And speaking of low-observability, how much will it cost to maintain the stealth features, especially in the hazy, dusty conditions of India? For that matter, will the IAF even get an aircraft that is as stealthy as the ones the US and UK operate? Will it get all the avionics, even watered down versions? The US is reluctant today to provide the UK, the only level-1 partner in the project, with full access to the aircraft’s source code. What are the chances of India getting a better deal?
Finally, there is one additional issue that bears examination in this debate, and that is how procuring the F-35 will affect the indigenous Advanced Medium Combat Aircraft (AMCA) project. Because of the similar roles the two aircraft shall be expected to fulfil, there is a distinct possibility that purchasing the F-35 will kill the AMCA for good, with disastrous long-term consequences. Detractors may argue that the AMCA is nowhere close to completion, and may be delayed by years just like the Tejas has been. That may well be the case, but if the AMCA does suffer inordinate delays, India can always place a future order for an F-35 with many of its niggles hopefully sorted out. There is little reason to make that call now, when the AMCA is still a design on paper.
Having said all that, one can imagine a few scenarios in which the F-35, even with all its problems, would serve a useful purpose in the IAF. For years, the IAF maintained a handful of high-maintenance MiG-25R Foxbats for a niche profile: reconnaissance of enemy territory, out of reach of interceptors or SAMs. Likewise, the IAF could consider one or two squadrons of the Lightning II, for the simple purpose of “kicking the door down” in the first few days of the war, taking out vital air defence nodes, logistics nodes, or AEW&C and tanker aircraft before handing over the heavy lifting to other aircraft that can announce their presence.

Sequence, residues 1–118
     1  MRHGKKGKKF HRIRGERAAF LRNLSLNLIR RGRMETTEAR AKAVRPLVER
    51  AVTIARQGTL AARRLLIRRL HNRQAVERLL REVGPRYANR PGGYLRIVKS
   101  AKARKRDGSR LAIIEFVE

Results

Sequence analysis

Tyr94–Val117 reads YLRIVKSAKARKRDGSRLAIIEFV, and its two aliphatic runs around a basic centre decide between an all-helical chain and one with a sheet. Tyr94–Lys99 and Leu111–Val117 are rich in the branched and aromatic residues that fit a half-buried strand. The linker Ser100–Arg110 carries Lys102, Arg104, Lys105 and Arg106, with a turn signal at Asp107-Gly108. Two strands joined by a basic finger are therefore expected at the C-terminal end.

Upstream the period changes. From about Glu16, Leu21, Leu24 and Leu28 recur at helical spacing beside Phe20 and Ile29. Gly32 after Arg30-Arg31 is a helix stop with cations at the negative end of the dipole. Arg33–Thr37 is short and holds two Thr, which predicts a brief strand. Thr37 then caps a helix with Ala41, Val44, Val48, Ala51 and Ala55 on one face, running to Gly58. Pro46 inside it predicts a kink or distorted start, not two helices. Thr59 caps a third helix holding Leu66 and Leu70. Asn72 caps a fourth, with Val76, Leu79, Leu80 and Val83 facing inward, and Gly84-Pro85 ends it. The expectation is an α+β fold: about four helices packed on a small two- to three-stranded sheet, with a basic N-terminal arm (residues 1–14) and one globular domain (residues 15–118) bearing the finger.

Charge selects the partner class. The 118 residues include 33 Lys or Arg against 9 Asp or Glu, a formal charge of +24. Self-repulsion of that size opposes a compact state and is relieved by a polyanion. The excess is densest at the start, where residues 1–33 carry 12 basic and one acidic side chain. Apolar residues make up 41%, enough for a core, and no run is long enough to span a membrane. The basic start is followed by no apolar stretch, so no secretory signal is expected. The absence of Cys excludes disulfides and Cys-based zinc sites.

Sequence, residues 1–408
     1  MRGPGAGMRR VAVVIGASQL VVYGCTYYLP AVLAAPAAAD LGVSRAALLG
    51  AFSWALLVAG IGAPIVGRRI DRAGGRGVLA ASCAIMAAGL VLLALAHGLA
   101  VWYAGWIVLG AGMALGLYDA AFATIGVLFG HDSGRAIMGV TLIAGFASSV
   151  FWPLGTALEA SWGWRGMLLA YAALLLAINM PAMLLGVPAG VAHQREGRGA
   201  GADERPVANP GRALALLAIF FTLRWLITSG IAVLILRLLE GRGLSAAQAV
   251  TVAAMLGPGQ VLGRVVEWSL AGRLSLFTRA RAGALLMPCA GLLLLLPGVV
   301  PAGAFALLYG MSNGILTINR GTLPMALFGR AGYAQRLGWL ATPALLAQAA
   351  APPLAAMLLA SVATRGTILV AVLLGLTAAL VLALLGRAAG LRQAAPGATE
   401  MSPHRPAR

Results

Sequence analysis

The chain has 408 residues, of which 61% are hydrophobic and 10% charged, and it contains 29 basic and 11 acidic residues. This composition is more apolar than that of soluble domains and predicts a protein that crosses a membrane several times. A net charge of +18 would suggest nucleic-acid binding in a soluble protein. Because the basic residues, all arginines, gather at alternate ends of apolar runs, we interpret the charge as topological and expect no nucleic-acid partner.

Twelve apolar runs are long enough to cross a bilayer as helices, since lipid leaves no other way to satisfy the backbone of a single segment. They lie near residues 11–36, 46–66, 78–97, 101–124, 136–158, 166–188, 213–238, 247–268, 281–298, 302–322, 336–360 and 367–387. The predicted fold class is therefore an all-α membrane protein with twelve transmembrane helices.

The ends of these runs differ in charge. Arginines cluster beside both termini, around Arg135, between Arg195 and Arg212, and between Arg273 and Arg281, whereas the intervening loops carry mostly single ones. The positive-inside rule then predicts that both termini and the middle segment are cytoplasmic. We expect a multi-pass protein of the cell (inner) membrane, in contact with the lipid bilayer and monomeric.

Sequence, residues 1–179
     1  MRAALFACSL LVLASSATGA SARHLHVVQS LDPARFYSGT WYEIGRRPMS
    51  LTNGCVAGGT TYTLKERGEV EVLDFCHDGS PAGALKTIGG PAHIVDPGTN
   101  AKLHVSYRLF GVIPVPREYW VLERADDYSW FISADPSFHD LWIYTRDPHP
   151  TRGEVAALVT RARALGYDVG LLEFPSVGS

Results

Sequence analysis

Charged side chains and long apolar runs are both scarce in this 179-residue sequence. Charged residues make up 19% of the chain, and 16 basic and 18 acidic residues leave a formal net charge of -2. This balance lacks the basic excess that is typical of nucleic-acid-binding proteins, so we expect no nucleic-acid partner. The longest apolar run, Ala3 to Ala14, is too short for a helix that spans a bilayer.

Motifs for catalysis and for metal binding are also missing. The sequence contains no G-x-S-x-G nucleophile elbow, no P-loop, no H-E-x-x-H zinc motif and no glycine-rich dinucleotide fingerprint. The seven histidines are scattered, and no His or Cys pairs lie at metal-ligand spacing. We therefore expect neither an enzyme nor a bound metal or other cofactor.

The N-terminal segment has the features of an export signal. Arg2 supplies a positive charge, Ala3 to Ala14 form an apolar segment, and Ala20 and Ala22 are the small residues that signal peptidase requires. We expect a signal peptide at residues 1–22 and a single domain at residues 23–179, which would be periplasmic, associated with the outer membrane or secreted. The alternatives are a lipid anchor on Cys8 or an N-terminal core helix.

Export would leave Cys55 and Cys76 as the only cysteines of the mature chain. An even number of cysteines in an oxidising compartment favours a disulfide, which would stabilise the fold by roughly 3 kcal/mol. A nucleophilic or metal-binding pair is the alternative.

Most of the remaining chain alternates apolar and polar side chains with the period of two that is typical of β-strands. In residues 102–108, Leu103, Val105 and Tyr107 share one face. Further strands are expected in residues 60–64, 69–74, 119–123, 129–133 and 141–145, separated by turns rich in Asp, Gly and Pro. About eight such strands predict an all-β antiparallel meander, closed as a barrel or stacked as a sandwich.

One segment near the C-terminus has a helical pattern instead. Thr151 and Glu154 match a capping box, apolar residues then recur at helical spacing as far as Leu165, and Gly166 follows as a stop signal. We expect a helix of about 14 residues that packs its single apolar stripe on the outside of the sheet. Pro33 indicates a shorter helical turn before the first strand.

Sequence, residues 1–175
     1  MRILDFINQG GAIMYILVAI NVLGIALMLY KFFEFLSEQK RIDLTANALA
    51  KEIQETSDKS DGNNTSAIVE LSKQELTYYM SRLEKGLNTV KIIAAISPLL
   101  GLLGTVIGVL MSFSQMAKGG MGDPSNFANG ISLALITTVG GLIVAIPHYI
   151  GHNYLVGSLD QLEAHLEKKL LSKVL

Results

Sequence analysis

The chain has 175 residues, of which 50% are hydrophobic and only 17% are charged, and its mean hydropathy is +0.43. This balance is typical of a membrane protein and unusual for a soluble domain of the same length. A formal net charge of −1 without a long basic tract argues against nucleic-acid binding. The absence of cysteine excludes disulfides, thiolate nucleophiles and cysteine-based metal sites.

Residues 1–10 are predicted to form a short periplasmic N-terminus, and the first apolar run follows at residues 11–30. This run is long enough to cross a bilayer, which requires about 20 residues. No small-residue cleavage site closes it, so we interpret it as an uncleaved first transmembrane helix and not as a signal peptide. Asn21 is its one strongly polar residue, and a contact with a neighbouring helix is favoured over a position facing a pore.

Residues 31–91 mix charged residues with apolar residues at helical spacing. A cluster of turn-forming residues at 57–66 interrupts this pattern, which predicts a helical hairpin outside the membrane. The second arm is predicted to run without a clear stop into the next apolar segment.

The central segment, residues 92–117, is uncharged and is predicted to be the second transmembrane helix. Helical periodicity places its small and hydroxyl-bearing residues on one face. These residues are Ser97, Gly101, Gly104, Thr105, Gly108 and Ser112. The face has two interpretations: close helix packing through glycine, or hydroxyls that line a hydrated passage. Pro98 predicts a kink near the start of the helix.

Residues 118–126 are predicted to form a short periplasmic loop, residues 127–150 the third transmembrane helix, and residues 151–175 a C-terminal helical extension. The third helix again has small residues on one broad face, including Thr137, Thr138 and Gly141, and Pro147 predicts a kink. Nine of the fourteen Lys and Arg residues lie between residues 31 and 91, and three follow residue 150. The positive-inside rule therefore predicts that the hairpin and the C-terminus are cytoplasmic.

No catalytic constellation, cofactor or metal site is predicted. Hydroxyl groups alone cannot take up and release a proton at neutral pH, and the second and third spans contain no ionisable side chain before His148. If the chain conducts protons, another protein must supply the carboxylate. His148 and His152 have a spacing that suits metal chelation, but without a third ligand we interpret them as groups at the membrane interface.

And yet, the reason this may turn out to be a bad idea is that in the same way the MiG-25 was replaced not by another aircraft but an indirect replacement – spy satellites – the F-35’s role can be performed not by another aircraft, but by missiles. We already operate the ground-launched BrahMos. The air-launched version should be available within the next few years, giving us a 300-km reach anywhere beyond its launch point. Throw the Shaurya into the mix and suddenly we can hit targets deep inside enemy territory without having to risk aircraft or pilots. Granted, missiles cannot do everything an aircraft can but even if cruise missiles provide partial coverage, the costs in maintaining a squadron’s worth of special aircraft and pilots cannot be justified.
This is not to suggest that the F-35 Lightning II is a turkey, or that the US military is making a humongous blunder in buying it. But in the Indian context, we see little rationale behind spending large sums of money today on something that will only arrive a decade from now at the very best, be a difficult fit in our existing doctrine as well as punch a hole in our finances. If Lightning should strike our enemies, we would rather it not have our tricoloured roundels on it.
ADITYA MANDREKAR is an electrical and avionic systems engineer who currently writes embedded software for an electronics company in the UK.
This column reflects the personal & independent views of the contributing columnists | Photo / Lockheed-Martin